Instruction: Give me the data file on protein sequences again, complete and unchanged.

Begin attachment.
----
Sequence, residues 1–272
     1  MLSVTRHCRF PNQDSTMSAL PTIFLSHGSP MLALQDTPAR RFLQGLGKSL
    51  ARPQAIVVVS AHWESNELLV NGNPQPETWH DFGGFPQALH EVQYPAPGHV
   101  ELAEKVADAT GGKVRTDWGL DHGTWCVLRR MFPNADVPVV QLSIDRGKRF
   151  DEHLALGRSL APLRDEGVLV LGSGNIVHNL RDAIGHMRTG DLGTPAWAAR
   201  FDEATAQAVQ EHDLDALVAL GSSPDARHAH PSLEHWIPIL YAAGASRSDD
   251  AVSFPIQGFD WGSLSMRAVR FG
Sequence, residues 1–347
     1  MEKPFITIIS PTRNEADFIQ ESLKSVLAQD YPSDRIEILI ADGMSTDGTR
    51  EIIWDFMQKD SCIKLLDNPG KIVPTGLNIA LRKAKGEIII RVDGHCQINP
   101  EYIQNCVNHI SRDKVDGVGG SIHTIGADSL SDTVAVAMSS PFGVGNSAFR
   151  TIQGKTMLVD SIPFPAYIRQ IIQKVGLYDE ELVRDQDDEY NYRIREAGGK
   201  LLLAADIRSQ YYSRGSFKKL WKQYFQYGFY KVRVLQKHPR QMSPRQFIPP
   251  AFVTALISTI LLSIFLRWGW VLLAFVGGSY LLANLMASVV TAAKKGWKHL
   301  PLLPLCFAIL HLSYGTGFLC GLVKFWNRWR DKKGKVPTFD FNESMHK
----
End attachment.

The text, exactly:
Sequence, residues 1–272
     1  MLSVTRHCRF PNQDSTMSAL PTIFLSHGSP MLALQDTPAR RFLQGLGKSL
    51  ARPQAIVVVS AHWESNELLV NGNPQPETWH DFGGFPQALH EVQYPAPGHV
   101  ELAEKVADAT GGKVRTDWGL DHGTWCVLRR MFPNADVPVV QLSIDRGKRF
   151  DEHLALGRSL APLRDEGVLV LGSGNIVHNL RDAIGHMRTG DLGTPAWAAR
   201  FDEATAQAVQ EHDLDALVAL GSSPDARHAH PSLEHWIPIL YAAGASRSDD
   251  AVSFPIQGFD WGSLSMRAVR FG
Sequence, residues 1–347
     1  MEKPFITIIS PTRNEADFIQ ESLKSVLAQD YPSDRIEILI ADGMSTDGTR
    51  EIIWDFMQKD SCIKLLDNPG KIVPTGLNIA LRKAKGEIII RVDGHCQINP
   101  EYIQNCVNHI SRDKVDGVGG SIHTIGADSL SDTVAVAMSS PFGVGNSAFR
   151  TIQGKTMLVD SIPFPAYIRQ IIQKVGLYDE ELVRDQDDEY NYRIREAGGK
   201  LLLAADIRSQ YYSRGSFKKL WKQYFQYGFY KVRVLQKHPR QMSPRQFIPP
   251  AFVTALISTI LLSIFLRWGW VLLAFVGGSY LLANLMASVV TAAKKGWKHL
   301  PLLPLCFAIL HLSYGTGFLC GLVKFWNRWR DKKGKVPTFD FNESMHK